Human Adaptation II: Skin Pigmentation
UV Radiation and Skin Pigmentation
- Skin pigmentation is one of the most variable phenotypes in humans.
- The variation of skin pigmentation is highly correlated with latitude, as you can see in the
- This was in the early 1900s, and is based on his study of pigmentation
- Pigmentation is correlated with latitude: people living in the equator tend to have darker
- And people living in higher latitudes, tend to have less melanin
Skin Pigmentation and Melanin
- Skin color is mainly due to the pigment melanin, which is produced by specialized
epidermal cells known as Melanocytes.
o Present in the skin, iris and hair
o In the skin, these cells (melanocyte) is where melanin is going to be synthesize
o Kerathinoxtyes is where the melanin passes through to go to other cells
A Review of Melanin Synthesis
- Within the melanocytes, melanin is synthesized in organelles known as melanosomes.
- Melanosomes are then transferred, through dendritic structures, from the melanocytes
to surrounding cells in the epidermis, known as keratinocytes.
- Tyrosinase is the key enzyme involved in melanin synthesis.
o This is the key enzymes (and there are more enzymes)
o This is the major enzyme that is involvedd in the synthesis of melanin in the
melanosomes - This is where melanin will be synthesis
- Melanin will protect the cells, as it is found in the nucleus in the cells
- Protects from ultra violet radiation
Skin Pigmentation Variation
- The number of melanocytes is similar in all human populations. Differences in skin
pigmentation are mainly due to:
- Type of melanin synthesized by the melanocytes
o Eumelanin: brown/black.
o Pheomelanin: red/yellow.
Red head synthesized pheomelanin in hair cells
- Number, size and distribution of melanosomes.
o In persons with light skin, melanosomes are small and packaged in groups.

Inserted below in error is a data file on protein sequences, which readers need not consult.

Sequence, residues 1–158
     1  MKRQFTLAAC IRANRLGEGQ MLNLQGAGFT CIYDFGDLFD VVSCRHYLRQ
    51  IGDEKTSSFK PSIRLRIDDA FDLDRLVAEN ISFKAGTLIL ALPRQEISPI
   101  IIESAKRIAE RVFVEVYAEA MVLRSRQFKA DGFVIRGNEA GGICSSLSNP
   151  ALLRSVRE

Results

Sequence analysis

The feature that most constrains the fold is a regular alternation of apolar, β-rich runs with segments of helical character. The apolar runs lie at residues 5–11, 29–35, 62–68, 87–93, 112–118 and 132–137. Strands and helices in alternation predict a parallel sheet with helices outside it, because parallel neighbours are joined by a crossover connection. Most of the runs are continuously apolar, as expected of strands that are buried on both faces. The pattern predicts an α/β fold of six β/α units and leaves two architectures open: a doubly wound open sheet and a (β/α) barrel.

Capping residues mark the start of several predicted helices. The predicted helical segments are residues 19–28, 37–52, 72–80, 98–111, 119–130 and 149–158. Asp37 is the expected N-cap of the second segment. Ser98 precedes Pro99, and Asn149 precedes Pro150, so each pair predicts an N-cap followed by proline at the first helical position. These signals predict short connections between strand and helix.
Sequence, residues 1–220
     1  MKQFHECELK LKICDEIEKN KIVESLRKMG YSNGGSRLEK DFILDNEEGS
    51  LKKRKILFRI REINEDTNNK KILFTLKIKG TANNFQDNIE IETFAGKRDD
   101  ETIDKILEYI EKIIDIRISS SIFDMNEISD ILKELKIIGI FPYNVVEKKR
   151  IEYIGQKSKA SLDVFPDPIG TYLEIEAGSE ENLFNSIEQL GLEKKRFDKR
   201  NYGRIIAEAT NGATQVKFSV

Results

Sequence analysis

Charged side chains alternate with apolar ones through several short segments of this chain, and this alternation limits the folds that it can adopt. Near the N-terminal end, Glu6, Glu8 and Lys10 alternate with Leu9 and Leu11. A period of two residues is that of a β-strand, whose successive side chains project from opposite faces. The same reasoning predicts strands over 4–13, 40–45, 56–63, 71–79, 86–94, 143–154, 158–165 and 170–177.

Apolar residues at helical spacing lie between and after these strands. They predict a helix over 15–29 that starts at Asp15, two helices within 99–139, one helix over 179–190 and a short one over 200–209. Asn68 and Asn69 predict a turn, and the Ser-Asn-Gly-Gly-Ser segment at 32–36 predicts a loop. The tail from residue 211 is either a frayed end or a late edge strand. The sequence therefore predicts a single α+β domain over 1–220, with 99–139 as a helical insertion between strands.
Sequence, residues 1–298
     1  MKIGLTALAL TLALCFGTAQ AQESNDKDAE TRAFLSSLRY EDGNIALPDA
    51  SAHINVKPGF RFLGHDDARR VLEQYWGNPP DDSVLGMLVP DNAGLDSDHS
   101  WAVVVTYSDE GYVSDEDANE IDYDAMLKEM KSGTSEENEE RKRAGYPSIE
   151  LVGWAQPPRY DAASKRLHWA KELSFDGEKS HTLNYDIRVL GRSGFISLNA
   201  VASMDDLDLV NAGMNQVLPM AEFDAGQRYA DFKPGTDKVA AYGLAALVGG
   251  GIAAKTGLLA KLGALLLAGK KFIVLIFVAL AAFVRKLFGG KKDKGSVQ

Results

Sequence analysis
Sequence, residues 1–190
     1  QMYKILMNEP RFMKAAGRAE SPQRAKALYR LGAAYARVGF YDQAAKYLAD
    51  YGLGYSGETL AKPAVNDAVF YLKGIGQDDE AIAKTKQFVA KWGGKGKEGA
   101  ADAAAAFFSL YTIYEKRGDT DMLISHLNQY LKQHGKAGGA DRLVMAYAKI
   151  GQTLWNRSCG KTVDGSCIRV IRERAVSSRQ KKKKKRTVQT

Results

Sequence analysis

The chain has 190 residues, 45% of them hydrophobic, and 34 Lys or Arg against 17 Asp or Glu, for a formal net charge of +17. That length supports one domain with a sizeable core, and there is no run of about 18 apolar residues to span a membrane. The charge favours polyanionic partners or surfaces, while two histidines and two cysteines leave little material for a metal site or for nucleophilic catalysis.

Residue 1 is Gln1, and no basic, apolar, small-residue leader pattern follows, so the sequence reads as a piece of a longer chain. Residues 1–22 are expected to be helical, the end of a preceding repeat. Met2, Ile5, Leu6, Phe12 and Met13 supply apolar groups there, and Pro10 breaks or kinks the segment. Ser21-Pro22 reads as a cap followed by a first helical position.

o In dark-skinned persons, there are more melanosomes, which are larger and
packaged as a single entity.
The Evolution of Skin Pigmentation
- How can we explain the distribution of skin pigmentation in human populations, and
more particularly, the strong correlation of skin pigmentation and latitude?
- In this case, the selective factor seems to be UV-radiation:
o Populations living near the equator receive high doses of UV radiation and they
tend to have dark skin.
o Populations living far from the equator receive much lower doses of UV
radiation, and they show light skin color.
- Let’s review in more detail the evolutionary factors that could be involved.
Dark Skin Color and UV Radiation
- Many hypothesis have been put forward to explain the evolution of dark skin color in
equatorial and tropical environments with high UV radiation.
o Dark skin protects against skin cancer.
This is something evolutionary biologists are spectacle about because
people believe skin cancer happen relatively late in their life time where
passing on genes has already occurred.
o Dark skin protects against sunburn (severe sunburn can lead to infection and
interfere with an efficient sweating mechanism).
Severe sunburn can be bad in some situations
o Dark skin protects against folate destruction by UV radiation.
Folate is required for adequate fetus development, and also important in
reproduction (lack of folate can result in fetal defects and also male
Folate is an important component related to one of the vitamins has
important role in the synthesis of DNA. Can be destroyed by high UV
radiation. The major reason for this strong relationship is for the need to
have the protection because the protection of folate destruction
The Evolution of Light Skin Color
- When modern humans migrated out of Africa, they began to occupy regions with lower
- The protection provided by high melanin levels was no longer necessary.
o Less risk to skin cancer, sunburn and folate destruction.
- Additionally, a new selective factor also played an important role, vitamin D synthesis. o Melanin will interfere with the production of vitamin D
Light Skin Color and Vitamin D Synthesis
- Vitamin D is necessary for a proper absorption of calcium, which is important for bone
and teeth growth.
- In our body, vitamin D is synthesized through the action of UV radiation.
o Vitamin D is synthesized in the skin
- In environments with low UV radiation, dark skin would be harmful, because it would
interfere with proper production of vitamin D.
- Thus, there was likely a selective pressure for lighter skin pigmentation in regions far
from the equator, with low UV radiation.
- Current evidence indicates that the evolution of skin color has been driven by a balance
between protection against the harmful effects of UV in equatorial and tropical regions,
and the need to facilitate vitamin D synthesis in regions far from the equator.
- However, very little is known about the genetic basis of pigmentation variation and the
evolutionary history of the genes responsible for pigmentation.
o How many genes are involved?
o Which variants in each gene?
o Are the mutations different in different geographical regions?
Some Important Genes of the Pigmentary System
- Some of the genes are expressed in the melanamosomes